My writings usually include scripture from the most recognizable books in the Bible. Yet, because all scripture is “God-breathed and useful for teaching,” (2 Timothy 3:16) I’ve often wanted to write articles inspired by the lesser known books. After praying about it, I was led to Habakkuk.
Well, there goes God showing His sense of humor. He sent me to a book I can’t pronounce, though the opening paragraph sure grabbed me.
“How long, O Lord, must I call for help, but you do not listen? Or cry out to you, “Violence!”, but you do not save? Why do you make me look at injustice? Why do you tolerate wrong? Destruction and violence are before me; there is strife, and conflict abounds. Therefore the law is paralyzed and justice never prevails. The wicked hem in the righteous, so that justice is perverted.”
I’m sensing that Habakkuk was not happy. Sounds like this minor prophet had major issues. So much for that warning about never questioning God. Habakkuk was having none of that, and you know what? God didn’t turn him into a chicken. Instead, God answered His servant.
All my life, I’ve heard that I shouldn’t wonder about the ways of the Lord. Never question, never complain—simply accept and move on like a Stepford Wife. Is that really what I’m supposed to do? Is it wrong to question God?
God patiently answered Habakkuk, just as He did Jeremiah who said, “You are always righteous, O Lord, when I bring a case before you. Yet I would speak with you about your justice: Why does the way of the wicked prosper? Why do all the faithless live at ease?” (Jeremiah 12: 1)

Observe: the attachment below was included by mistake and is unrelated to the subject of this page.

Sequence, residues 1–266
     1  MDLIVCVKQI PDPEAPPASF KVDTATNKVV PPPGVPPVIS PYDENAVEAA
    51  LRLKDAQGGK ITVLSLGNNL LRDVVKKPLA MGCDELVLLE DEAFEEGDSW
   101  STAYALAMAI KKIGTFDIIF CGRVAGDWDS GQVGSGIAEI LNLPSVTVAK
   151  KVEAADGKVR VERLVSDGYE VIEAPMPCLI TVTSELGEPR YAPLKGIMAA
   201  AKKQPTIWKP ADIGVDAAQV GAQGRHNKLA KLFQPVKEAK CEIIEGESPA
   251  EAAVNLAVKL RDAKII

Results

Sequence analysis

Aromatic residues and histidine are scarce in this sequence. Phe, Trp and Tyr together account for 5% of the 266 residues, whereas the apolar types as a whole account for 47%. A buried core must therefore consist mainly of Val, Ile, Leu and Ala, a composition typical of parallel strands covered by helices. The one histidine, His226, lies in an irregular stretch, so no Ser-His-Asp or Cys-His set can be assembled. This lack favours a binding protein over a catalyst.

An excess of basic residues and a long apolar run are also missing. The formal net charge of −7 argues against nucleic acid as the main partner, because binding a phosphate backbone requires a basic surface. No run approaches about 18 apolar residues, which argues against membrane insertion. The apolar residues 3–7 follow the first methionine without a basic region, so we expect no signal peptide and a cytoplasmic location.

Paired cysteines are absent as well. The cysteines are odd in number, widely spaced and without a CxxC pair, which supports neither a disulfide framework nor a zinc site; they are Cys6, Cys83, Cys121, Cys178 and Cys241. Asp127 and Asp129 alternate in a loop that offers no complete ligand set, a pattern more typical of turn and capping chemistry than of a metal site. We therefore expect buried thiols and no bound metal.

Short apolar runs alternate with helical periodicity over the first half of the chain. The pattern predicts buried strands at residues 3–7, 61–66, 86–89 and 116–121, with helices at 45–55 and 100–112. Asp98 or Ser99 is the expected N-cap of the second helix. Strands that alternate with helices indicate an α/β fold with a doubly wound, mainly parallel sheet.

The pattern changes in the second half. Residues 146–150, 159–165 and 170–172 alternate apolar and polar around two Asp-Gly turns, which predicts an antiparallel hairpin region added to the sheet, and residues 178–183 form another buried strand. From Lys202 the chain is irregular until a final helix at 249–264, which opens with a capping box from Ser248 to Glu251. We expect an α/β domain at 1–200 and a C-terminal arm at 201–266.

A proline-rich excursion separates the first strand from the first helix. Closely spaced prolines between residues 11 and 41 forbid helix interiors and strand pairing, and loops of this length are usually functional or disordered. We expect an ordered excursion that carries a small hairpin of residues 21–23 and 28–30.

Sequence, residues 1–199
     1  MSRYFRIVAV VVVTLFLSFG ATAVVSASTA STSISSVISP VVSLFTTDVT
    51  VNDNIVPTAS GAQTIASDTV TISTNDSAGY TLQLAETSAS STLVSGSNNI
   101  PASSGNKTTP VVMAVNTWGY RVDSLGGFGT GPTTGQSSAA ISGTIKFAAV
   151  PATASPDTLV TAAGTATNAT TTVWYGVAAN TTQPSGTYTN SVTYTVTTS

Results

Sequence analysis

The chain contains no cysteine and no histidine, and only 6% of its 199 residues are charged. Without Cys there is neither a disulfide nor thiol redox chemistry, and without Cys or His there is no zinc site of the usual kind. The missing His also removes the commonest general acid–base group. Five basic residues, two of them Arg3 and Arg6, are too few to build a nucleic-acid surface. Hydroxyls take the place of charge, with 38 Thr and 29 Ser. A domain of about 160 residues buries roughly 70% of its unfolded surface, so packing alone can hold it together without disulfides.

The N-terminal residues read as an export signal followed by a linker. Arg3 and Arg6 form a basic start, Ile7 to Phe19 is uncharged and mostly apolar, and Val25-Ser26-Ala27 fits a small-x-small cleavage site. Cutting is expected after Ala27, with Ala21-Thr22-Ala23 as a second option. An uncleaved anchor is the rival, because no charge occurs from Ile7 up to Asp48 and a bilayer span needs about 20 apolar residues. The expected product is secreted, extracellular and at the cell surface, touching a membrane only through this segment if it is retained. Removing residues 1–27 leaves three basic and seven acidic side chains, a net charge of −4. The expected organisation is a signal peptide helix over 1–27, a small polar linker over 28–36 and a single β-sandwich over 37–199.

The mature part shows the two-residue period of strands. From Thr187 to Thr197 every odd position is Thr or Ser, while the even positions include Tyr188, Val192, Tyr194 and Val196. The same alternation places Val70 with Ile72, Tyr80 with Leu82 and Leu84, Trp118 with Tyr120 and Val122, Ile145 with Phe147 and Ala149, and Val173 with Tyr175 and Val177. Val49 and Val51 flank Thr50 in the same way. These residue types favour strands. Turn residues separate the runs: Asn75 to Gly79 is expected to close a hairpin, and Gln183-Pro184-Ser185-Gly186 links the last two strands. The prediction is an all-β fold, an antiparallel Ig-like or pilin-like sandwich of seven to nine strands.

These were good questions, ones still being asked today. If they’re wrong to ask depends on the state of our heart. First, even though Jeremiah was scratching his head and Habakkuk appeared to be on turbo stress, these men never doubted God’s sovereignty or challenged His character. They knew their God, and approached Him with the desire for wisdom. God’s response indicates that He wasn’t put off by these genuine concerns.
Hebrews 11:6 teaches than anyone who comes to God must believe that He exists and rewards those who earnestly seek Him. Often, though, people don’t approach God with this attitude; they confront and demand proof that God is True. Frequently asked questions include:
“If God is all-powerful, why doesn’t He do something about evil?”
“How can a loving God allow suffering?”
Put this way, questions are riddled with doubt, rebellion and bitterness. They don’t acknowledge who God is, but question IF He is. They don’t seek understanding; they ask God to defend His goodness.
Habakkuk 2:20 says, “But the Lord is in his holy temple; let all the earth be silent before him.”
Does this mean God prefers that we be seen and not heard? No, these words celebrate that God is sovereign, real and trustworthy. God made the statement to Habakkuk after affirming what the prophet already knew—that He is who He says He is, and keeps every promise. He assured Habakkuk that He is at work, even if we can’t see it.
We live in a fallen world, one burdened with evil, disasters and tragedy. We’re all subject to the sufferings, though it does sometimes seem like the ungodly go untouched. God let it be known to Habakkuk that He is aware of everything and in control, and that all issues will be dealt with in His own time and manner. We can rest on this this, but only if we KNOW our God.
Personal tragedies sometimes seem to have no rhyme or reason. To think loved ones wouldn’t wonder why God allowed the suffering is unrealistic. The pat “there’s a reason for everything” doesn’t cut it when tragedy comes home.
I don’t have specific answers, but can say this: People persevere through suffering much better if they KNOW their God than if they don’t. Knowing God, through prayer and His Word, brings peace and hope in the midst of suffering. The Holy Spirit imparts comfort, guidance and wisdom as we struggle to make sense of what we don’t understand.
Understanding might involve asking questions—and the questions of a trusting heart that seeks understanding brings us into closer fellowship with our God, who invites us to approach Him with confidence, pray about everything and ask for wisdom. (Hebrews 4:16, Philippians 4:6, James 1:5)
Does God respond to questions? Yes, to those who know the One they’re asking.